Our lack of contact now is only an illusion. For the right price, I could call her. She’ll find Internet access, most likely. And yet, in my heart, she’s as distant as a Victorian Egyptologist, white parasol in hand, admiring the Great Sphinx under the sun.

We Have Splashdown

The news has been chock-full of the recent plane crash at LaGuardia. (In a recent writing discussion, one person chided an author for misusing the idiom as “chalk-full.” Another poster responded that, since no normal person uses the phrase “chock-full,” that it didn’t matter how it was spelled. I, of course, couldn’t resist.) This plane crash has captured everyone’s attention, not just because airplane disasters always do, but because no one died. Amusingly, I notice that the article I linked to here refers to the incident now as a “splashdown.”

By now you have the details: taking off from LaGuardia, the US Air jet sucked birds into two engines. The birds were big enough to cause immediate, devastating damage, knocking the spinning turbines off enough that one engine burst into flames. The pilot, Chesley B. “Sully” Sullenberger, reported the double bird strike, requested permission to return to LaGuardia, then said “unable,” and asked permission to land at a New Jersey suburban airport, again came back with “unable.” He then told the passengers to brace themselves because the plane was going down, and he landed the plane in the river. Hence the “splashdown.”

What’s remarkable here to me, is that Sullenberger kept his head so well that he not only navigated a spectacular landing, but he kept communicating the whole time.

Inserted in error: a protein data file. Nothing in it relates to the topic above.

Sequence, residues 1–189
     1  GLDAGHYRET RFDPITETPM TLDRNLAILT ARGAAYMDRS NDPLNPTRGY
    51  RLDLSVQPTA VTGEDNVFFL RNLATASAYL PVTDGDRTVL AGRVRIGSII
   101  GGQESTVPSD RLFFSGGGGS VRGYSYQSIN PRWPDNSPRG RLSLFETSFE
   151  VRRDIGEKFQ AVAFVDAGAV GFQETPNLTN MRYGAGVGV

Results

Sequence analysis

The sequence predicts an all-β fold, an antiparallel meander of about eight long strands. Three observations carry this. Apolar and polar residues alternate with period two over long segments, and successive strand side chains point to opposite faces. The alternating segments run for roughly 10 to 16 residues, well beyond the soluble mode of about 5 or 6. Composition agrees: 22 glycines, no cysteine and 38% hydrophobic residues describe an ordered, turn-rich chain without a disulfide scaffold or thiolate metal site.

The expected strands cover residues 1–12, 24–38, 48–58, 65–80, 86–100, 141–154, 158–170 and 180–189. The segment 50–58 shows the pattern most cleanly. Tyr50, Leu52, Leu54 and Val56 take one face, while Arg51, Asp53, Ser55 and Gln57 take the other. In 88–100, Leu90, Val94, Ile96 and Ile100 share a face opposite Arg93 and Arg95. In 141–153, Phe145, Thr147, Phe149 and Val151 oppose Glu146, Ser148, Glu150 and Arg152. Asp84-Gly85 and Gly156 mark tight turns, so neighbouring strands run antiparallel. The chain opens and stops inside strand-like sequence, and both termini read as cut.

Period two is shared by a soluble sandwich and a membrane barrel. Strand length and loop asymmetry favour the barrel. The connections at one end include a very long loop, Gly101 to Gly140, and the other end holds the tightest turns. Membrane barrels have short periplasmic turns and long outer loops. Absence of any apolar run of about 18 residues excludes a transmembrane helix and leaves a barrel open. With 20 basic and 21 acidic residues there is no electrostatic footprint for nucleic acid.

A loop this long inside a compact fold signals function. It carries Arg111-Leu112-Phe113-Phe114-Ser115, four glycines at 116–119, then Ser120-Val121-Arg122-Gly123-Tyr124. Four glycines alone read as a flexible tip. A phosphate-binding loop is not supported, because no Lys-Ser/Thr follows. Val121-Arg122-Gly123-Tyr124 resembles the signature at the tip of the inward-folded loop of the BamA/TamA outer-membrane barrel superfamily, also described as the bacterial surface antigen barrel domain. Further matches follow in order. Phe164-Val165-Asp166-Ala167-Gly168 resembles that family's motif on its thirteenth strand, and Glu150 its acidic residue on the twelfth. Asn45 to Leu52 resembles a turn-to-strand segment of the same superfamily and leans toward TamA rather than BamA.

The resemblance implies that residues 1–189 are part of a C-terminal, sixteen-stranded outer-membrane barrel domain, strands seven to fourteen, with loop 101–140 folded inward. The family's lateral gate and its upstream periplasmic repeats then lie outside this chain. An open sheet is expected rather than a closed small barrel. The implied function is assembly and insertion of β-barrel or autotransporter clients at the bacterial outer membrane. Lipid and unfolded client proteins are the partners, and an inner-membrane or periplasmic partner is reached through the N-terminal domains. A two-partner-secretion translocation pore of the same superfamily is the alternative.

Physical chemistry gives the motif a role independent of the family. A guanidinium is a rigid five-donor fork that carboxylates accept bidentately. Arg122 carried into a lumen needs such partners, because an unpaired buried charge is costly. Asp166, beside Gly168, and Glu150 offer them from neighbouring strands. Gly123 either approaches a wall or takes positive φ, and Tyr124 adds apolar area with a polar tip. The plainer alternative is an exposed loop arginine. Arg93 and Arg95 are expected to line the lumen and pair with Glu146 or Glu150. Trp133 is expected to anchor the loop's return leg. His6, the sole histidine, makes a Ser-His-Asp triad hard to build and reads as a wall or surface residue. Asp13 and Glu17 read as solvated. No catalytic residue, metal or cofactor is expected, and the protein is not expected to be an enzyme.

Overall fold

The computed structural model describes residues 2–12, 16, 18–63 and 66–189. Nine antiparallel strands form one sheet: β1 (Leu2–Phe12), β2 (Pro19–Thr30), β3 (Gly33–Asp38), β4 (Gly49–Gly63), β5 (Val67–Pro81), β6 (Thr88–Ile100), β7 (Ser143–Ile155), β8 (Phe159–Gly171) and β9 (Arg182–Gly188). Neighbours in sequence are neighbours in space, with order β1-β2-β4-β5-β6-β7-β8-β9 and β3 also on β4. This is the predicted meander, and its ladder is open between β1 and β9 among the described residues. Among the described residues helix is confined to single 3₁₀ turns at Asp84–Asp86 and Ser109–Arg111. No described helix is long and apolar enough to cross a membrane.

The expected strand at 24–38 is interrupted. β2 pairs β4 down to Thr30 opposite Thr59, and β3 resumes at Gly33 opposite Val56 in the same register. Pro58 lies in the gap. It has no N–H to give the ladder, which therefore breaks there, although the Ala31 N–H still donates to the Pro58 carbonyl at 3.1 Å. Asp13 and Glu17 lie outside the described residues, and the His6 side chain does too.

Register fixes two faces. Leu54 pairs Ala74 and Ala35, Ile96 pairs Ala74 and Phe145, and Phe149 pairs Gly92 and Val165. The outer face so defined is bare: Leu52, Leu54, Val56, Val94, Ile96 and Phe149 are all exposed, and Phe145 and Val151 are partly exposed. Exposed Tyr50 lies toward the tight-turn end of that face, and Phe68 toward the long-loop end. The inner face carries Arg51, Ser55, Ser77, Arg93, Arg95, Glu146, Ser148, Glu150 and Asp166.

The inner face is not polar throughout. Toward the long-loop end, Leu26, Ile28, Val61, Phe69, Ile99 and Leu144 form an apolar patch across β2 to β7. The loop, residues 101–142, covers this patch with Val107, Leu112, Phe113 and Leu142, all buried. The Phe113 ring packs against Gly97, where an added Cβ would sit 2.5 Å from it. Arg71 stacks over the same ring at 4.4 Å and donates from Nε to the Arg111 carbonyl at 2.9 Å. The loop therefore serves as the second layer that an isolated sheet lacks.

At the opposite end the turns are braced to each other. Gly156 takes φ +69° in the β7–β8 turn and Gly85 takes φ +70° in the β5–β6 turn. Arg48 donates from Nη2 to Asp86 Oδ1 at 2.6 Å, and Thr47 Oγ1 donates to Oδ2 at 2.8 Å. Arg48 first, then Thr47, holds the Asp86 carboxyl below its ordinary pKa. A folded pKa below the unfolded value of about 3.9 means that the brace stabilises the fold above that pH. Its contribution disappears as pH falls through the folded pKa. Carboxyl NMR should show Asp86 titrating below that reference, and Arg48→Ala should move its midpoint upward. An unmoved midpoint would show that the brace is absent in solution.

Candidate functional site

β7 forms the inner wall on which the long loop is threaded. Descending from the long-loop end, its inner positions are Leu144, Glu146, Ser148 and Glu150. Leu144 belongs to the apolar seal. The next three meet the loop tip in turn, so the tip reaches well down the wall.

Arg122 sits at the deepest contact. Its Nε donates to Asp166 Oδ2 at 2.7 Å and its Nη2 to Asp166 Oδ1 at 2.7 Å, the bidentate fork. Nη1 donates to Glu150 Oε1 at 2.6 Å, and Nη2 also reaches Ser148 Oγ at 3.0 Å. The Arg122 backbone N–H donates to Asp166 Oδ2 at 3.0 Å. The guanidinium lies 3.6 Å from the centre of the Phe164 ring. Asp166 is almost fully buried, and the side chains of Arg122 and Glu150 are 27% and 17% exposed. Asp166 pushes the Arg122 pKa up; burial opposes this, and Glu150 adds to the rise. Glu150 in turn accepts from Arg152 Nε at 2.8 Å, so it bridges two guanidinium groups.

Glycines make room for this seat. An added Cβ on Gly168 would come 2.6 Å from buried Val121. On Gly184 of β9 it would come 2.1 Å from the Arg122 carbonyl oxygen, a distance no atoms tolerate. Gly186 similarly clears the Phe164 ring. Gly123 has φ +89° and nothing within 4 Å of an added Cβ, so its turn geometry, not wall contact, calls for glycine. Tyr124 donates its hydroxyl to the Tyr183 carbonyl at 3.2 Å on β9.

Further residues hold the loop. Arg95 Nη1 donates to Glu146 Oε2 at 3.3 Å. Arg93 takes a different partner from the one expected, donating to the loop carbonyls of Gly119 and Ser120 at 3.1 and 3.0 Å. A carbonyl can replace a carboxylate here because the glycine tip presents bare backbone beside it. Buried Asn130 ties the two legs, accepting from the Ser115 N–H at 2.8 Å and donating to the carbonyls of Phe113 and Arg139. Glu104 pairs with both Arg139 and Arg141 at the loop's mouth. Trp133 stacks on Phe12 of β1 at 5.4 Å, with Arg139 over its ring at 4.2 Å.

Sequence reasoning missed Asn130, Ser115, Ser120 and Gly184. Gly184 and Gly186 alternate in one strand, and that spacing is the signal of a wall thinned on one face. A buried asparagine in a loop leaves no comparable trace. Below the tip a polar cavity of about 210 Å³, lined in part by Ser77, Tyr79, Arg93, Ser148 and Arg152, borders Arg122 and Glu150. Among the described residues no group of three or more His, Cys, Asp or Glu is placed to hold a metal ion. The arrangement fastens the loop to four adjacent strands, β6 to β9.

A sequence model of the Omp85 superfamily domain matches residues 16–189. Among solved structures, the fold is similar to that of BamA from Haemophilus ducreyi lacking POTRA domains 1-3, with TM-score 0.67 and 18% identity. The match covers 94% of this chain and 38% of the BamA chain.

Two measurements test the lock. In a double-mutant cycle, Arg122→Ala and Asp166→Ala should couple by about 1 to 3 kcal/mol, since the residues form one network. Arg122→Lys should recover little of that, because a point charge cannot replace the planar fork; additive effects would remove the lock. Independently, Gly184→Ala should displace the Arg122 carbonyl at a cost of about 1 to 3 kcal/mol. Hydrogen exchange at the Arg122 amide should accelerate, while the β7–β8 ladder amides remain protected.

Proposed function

Those of you who know me know that I have a consuming interest in plane crashes. In many ways the plane crash is both a seminal incident in my life and an ongoing metaphor for me. Sullenberger trained first as an Air Force Academy pilot, like my father. And where many cockpit recordings from plane crashes yield only frantic babbling, this one shows a pilot so well trained that he continued to let everyone know what was going on, even as he dropped an Airbus loaded with people into the Hudson River.

They’re calling him a hero, and that’s probably appropriate. The kind of hero who coolly walks through the plane twice to ensure all the passengers were off. The kind who smiles and nods graciously when people thank him for their lives.

But I think what really captures us here is that this is different than the usual metaphor. If a plane crash symbolizes how everything can go abruptly wrong, snipping threads in an instant of impact, then this is the reverse. The threads that weren’t snipped; how it almost happened, but didn’t. How someone who keeps his head can avert disaster. That a disaster can be magically converted to a splashdown.

Verbal compost

So, there’s this deal going on called “verbal gardening.” (The site will congratulate you for stumbling upon it — clearly there’s no thought that someone might be directed to it.) As a linguistic experiment, the creators have created “verbal seeds,” which are new word meanings or phrases they believe they’ve developed from whole cloth. I’m doubtful they can lay claim to starting “urban myth,” since I recall using that phrase in high school and, if you read yesterday’s post, you’ll realize how long ago that was. Of course, these are Brits, so maybe they haven’t figured out the Americans had urban legends back when they still had old wives tales. They’re also cagey about when they started seeding, which is key to any etymological discussion.

And yes, I realize I’m now complicit by using their phrases here. Alas.

Their “verbal superseed” — they don’t give a definition that I see, but I’m inferring that by adding “super,” they mean to convey it’s their favorite or most powerful — is “TK Day.” This is the day that you are 10,000 days old. You’re meant to celebrate it as more meaningful than arbitrary governmental birthdays that allow you rights such as driving a car, drinking, voting, going to war. And renting a car, in which you can presumably do all of these things. For those of you whipping out your calculators, your 10,000th day occurs sometime when you’re 27.

See? We knew it was silly.